Luc Sante noted wonderfully that blackmailers and private detectives assigned to divorce cases -- the rogues of pulp fiction novels -- practiced the purest form of voyeuristic photography. Nowadays we have the paparazzi, who wreak havoc on the lives of celebrities with their telephoto lenses in order to titillate the masses. The picture of Richard Burton and Elizabeth Taylor in an adulterous clinch in Italy spawned a scandal, two divorces, threats of excommunication from the Vatican, and happily for Liz, two weddings to Dick. Jackie Onassis' bikini photo taken in Skorpios Island was the precursor to her infamous topless sunbathing pictures, which caused legions to cry foul and Hustler publisher Larry Flynt to laugh all the way to the bank.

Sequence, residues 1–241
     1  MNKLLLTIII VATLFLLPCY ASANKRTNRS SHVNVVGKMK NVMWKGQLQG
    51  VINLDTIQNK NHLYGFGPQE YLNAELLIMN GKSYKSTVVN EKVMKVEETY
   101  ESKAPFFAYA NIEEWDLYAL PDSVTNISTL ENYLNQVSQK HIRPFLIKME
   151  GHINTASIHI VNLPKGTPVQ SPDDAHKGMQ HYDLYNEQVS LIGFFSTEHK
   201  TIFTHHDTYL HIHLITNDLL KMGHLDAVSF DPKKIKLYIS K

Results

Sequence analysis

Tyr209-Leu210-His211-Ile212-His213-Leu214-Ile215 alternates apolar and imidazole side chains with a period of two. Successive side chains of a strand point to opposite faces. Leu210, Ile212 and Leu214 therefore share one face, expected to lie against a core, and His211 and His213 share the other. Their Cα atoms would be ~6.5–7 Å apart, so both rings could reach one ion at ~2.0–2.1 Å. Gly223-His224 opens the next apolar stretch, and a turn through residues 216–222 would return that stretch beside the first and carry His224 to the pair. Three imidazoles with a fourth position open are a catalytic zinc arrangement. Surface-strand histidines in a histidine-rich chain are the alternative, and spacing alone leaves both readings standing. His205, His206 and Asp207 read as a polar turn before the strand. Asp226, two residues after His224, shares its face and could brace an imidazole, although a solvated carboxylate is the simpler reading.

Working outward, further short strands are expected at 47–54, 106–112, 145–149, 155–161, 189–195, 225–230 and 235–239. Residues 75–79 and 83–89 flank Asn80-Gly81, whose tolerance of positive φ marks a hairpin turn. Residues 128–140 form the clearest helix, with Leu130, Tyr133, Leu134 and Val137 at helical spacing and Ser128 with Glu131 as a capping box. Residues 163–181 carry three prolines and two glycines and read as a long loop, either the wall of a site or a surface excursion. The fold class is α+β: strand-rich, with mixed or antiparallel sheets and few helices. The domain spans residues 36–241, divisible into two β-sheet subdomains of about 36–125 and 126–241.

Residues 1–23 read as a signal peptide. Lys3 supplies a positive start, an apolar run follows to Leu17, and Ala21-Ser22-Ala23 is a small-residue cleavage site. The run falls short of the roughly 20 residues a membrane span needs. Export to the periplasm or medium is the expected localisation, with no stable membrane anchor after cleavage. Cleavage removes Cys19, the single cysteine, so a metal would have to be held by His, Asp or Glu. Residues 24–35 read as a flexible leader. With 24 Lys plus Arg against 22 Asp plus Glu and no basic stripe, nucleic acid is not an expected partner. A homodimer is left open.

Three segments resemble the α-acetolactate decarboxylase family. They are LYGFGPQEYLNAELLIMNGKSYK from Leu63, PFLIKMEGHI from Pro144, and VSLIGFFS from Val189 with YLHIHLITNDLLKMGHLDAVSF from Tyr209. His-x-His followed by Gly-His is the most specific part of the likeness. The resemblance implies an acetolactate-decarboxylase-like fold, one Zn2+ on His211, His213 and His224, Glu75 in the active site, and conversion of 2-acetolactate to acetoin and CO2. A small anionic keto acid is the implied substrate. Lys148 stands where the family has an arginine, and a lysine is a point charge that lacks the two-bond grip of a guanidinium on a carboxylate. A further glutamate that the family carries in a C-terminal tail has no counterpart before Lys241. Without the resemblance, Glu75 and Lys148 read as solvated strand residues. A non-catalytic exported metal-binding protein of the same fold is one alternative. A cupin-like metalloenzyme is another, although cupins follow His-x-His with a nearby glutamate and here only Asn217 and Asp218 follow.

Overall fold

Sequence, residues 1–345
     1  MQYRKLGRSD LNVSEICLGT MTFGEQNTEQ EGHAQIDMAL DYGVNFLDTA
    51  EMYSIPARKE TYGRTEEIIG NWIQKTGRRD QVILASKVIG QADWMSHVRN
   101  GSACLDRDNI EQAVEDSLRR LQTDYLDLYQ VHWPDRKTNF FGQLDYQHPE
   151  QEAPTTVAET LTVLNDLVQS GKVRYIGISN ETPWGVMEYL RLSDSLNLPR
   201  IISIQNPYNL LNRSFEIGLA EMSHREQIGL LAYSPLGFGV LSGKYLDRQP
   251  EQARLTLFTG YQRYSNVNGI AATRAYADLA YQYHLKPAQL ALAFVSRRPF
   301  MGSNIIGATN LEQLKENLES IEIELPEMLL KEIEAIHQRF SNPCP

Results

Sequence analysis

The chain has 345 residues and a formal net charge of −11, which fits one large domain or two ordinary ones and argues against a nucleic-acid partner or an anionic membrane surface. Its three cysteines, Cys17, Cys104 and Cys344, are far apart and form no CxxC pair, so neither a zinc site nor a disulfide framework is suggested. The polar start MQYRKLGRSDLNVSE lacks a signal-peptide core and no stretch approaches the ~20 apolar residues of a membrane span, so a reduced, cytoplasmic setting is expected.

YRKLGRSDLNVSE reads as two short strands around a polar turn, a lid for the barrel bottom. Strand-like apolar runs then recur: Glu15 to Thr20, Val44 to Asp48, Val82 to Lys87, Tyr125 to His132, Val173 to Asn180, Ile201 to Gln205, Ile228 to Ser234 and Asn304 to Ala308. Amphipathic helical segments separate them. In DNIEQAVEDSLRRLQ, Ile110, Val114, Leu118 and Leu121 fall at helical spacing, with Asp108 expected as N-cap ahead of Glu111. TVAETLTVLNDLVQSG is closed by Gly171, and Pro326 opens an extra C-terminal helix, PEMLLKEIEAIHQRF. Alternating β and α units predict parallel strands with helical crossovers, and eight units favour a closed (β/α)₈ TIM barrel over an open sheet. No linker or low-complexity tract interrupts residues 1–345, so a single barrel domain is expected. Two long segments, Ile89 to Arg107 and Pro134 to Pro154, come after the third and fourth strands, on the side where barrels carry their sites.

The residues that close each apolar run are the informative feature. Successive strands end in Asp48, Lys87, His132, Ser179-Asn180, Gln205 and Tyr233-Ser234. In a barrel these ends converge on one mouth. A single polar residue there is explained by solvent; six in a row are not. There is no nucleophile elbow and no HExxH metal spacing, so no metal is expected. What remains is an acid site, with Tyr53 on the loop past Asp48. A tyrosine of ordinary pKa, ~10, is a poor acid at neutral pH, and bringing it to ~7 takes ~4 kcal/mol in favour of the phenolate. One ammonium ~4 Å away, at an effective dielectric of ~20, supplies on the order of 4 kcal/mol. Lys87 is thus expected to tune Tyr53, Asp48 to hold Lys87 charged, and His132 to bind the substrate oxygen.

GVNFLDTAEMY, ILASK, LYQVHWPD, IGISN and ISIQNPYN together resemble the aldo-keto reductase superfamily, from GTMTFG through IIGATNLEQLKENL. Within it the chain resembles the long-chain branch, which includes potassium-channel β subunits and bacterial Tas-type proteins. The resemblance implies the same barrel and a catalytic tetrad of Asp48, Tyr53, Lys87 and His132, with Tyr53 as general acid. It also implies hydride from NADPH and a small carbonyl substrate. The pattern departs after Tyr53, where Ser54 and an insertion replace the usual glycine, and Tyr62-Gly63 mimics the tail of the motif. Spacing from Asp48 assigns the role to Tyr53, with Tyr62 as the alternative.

Behind every voyeuristic image is an anxious photographer in cloak-and-dagger mode, wracked by anxiety, the thrill of the kill, even ethical conflict. The high pressure (and oftentimes illicit) moment can result in blurry and unusually framed pictures. Behind Velio Cioni's image of a Roman brothel is a photographer shooting from the hip as he lurks in the shadows, fearful of being caught.
One can almost imagine the photographer shushing the dog as he snaps a picture of its mistress' resplendent rump. Larry Clark, in his book Tulsa, chronicled the intimate lives of his teenage subjects as they spiraled through angst, sex, drugs and guns. His subjects were totally complicit and allowed Clark to take his revealing and often graphic images of them. But in the picture on the right, Clark keeps his distance, an unusual choice for him, and lends the image a decidedly voyeuristic and illicit quality.